When I was in the middle of my engagement with stuffed animals, dolls and other amigurumi, my daughter requested that I crochet some bibs like the one I made several months ago for an article on crochet trims. It appears that most of the bibs that are available are shorter and reach only halfway down her toddler daughter's chest. As our little one has become an adventurous and therefore a messier eater, the infant bibs are not doing the job. Also, the material is not nearly as absorbent as she would like it to be. Lucky for me, I had a considerable supply of #4 weight cotton yarn that I had bought on sale. This would be a wonderful way to decrease my stash that seems to have a life of its own. My new challenge would be to produce larger bibs that would protect her clothing from water, spills and dribbles. They had to pass the comfort test or she would pull at the bibs and refuse to wear them. To satisfy me, they had to be cheerful, colorful, and creative. Hopefully, they would wash and dry well so that they could be used more than one time.
After a week of intense crocheting activity, I arrived at my daughter's home with about 8 new bibs in hand. Before my granddaughter would become fussy, I managed to button up several and and pose her for my IPad camera. She did not complain, and so the comfort test was passed. As she was wearing a peach colored shirt and beige pants, we kept her in the white owl bib with peach and grey features and matching flower. My grandddaughter has been playing games with her water from her sippy cup lately. By mid-day, her shirt usually needs to be changed. Her new owl bib absorbed the water and kept her dry. We took the bib off before nap time and let it dry out on the table.
These crocheted bibs are 8 to 9 inches wide and extend to 9 inches below the chin. A Picot or Scalloped trim would add to these dimensions. I used two different closures for the bib. In the first I crocheted a six inch arm to each side of the bib. On the left I crocheted a button hole, and on the right, I sewed a 3/4 inch button. This step would put the closing in back of her head at the neck. For the second, I extended the left hand arm to about 8-9 inches and crocheted a tab of about1-2 inches on the right. I crocheted a button hole at the end of the arm and sewed the button to the tab. In this style the button closure was at the front. If I were to leave out the tab on the right side, I would make the arm 9 plus inches so that it would button easily. For a bigger child, I might add an inch to the arms for both bibs. I did not make a version with tie strings as I felt it would take longer to make the bow. In mean time, the toddler could become fussy and squirmy.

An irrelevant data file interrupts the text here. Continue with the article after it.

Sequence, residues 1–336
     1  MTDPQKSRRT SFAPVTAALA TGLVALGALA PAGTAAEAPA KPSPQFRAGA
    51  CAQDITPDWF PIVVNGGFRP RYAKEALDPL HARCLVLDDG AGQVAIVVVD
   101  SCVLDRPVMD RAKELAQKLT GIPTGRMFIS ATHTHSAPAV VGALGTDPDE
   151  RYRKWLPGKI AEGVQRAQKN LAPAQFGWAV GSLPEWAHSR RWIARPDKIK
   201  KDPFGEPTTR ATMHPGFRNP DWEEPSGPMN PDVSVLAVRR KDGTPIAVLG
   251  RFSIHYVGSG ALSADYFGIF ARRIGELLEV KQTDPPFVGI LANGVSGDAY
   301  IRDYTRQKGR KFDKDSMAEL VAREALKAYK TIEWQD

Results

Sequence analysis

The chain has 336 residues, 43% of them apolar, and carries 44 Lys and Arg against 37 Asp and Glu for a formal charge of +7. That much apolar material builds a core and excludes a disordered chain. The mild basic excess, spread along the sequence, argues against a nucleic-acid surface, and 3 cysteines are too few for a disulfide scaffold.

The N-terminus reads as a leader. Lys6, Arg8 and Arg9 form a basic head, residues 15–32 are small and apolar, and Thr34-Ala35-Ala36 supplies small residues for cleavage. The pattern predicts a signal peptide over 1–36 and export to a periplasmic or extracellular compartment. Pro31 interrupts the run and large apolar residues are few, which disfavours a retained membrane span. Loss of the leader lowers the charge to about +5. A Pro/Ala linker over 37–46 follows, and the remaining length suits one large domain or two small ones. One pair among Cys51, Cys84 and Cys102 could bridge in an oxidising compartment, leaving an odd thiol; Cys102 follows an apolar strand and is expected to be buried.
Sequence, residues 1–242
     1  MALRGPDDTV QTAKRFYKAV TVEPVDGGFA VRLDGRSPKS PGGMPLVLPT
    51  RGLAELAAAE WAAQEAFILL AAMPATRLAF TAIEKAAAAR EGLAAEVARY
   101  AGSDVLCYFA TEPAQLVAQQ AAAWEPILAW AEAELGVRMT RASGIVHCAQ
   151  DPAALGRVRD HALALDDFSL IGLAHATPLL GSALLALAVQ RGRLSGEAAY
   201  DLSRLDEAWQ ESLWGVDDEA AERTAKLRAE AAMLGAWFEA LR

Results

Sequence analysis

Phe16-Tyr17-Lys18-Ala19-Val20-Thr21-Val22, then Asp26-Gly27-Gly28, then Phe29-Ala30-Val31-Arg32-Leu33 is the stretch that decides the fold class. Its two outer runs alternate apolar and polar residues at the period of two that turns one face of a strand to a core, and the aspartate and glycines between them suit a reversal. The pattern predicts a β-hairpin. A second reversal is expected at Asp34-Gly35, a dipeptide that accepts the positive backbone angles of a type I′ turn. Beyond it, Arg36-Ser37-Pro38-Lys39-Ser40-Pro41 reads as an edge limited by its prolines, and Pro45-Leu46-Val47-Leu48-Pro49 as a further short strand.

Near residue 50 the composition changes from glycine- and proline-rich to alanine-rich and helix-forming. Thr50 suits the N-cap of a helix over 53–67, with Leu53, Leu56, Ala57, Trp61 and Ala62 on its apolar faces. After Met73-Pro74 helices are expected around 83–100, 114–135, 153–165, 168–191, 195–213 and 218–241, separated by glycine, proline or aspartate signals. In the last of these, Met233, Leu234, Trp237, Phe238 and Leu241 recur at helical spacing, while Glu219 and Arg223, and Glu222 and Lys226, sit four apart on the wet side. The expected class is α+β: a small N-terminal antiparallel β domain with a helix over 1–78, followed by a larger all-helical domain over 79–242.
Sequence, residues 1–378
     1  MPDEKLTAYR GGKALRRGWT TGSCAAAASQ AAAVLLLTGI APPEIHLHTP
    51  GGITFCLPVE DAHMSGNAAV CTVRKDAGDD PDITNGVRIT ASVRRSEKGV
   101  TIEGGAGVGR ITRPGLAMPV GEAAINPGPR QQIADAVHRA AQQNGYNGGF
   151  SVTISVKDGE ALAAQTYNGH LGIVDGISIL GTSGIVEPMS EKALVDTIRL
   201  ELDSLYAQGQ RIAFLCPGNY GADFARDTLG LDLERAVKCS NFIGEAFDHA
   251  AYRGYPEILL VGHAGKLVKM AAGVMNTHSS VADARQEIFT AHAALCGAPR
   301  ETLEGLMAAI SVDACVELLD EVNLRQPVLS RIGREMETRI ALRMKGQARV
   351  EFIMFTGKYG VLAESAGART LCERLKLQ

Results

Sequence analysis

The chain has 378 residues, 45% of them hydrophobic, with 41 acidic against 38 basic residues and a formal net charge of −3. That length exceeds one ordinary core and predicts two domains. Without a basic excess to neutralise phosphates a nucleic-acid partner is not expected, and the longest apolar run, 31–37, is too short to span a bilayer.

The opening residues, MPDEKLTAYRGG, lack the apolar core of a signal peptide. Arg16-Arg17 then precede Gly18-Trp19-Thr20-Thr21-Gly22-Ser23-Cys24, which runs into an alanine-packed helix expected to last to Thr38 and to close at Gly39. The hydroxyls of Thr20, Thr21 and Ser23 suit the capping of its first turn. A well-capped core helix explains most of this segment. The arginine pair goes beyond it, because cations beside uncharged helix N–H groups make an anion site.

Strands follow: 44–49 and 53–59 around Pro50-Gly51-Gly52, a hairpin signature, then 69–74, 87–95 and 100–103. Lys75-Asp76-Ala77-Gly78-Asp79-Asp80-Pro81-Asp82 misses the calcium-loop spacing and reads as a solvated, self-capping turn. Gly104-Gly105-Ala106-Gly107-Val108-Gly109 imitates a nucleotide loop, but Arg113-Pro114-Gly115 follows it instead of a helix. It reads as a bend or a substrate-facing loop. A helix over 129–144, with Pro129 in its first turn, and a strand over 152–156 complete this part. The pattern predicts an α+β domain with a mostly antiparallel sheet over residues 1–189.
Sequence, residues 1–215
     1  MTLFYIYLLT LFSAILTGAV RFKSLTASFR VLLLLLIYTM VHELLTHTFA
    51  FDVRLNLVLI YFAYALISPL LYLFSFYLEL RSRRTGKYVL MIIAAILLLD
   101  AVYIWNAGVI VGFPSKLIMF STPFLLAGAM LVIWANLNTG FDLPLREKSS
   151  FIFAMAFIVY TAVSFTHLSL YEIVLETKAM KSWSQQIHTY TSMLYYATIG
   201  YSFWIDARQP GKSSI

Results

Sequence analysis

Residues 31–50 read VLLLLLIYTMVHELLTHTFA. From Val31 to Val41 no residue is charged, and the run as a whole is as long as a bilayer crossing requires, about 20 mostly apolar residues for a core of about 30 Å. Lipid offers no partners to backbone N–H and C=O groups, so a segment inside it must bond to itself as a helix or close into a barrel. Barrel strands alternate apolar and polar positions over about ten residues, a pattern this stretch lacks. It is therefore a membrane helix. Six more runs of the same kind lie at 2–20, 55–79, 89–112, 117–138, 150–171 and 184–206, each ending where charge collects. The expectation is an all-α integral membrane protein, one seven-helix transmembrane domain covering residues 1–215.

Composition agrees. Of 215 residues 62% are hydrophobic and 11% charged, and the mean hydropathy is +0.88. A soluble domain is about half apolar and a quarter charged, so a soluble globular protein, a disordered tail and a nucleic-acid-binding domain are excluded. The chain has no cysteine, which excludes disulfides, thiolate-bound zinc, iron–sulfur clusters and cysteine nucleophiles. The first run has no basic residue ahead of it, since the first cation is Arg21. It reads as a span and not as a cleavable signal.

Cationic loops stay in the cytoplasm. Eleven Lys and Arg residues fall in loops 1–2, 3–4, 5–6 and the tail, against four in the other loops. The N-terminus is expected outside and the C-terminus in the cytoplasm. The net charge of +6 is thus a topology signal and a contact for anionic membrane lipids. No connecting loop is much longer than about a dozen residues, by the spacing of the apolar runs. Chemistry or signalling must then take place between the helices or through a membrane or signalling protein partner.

I experimented with my stitches and rows as I went along, but I finally decided to start with a chain of 20 stitches, using a 4.5mm G hook. (G comes in 4.0 and 4.5 sizes). In the first row I crocheted 2 Single Crochet (SC) stitches into the second stitch from the hook and crocheted across until the last stitch. I crocheted 2 SC stitches in the last stitch and chained 1 before turning my work. In row 2, I made 2 SC stitches in the first stitch, crocheted across and made 2 SC stitches in the last stitch and chained 1 just as I had done for the first row. I continued in the same manner for a total of 5 rows until my piece was 29 stitches wide. At this point I did not made any more increases. However I did make a chain one at the end of each row until the piece was about 9 inches long. Then I had to decide whether to make the bib with a back or a side closure.
Back closure: Crochet a strip 8 SC stitches wide for 6 inches. To make the button hole, crochet 2 SC, chain 3, skip 4 stitches, and SC the last 2 stitches, chain 1. I realize that this makes only 6 stitches, but it works out. In the next row, Sc in first 2 stitches, SC 3stitchers in button hole space, SC in last 2 stitches, chain 1. In last row,make a SC decrease in first 3 stitches, s SC, and make a SC decrease in the last 3 stitches and fasten off. On the right hand side, crochet a strip of 8 SC stifches for 6 inches to match the right side. Add the next two rows without the button hole. End with the decrease row as you did on the left. Sew a 3/4 inch button at the end.
Side Closure: Crochet a strip 8 SC stitches wide for 9 inches. for the last row make a SC decrease, Sc to the last 2 stitches and make a final SC decrease before fastening off. On the right side make atab1-2 inches tall before finishing row and fasten off. Sew a button at the end of the tab.
Trim: For all bibs, single crochet (SC) around the entire bib. Make sure to SC 3 stitches in each corner stitch so that the bib lies flat.
Picot: Start at the top at the right side and make 2 SC.In the next stitch SC and chain 4. SC in base of the same stitch. Continue around the outside of the bib in the same manner. I chose not to put the trim in the area that would lie on the neck as it may be irritating for the child. Continue around with the Picot, ending with 2 SC.
Scallop: I crocheted a 5 stitch scallop and made the trim around the outside of the bib. While the trim was attractive, I would consider experimenting with a 3 stitch scallop so that the trim would be a less obvious feature.
My son-in-law-will be bringing his daughter for dinner while my daughter attends evening classes. We will have another opportunity to observe and to see which bib designs work best. He selected the ladybug, frog, owl, and Hello Kitty bibs to keep at home. These bibs are truly made with love.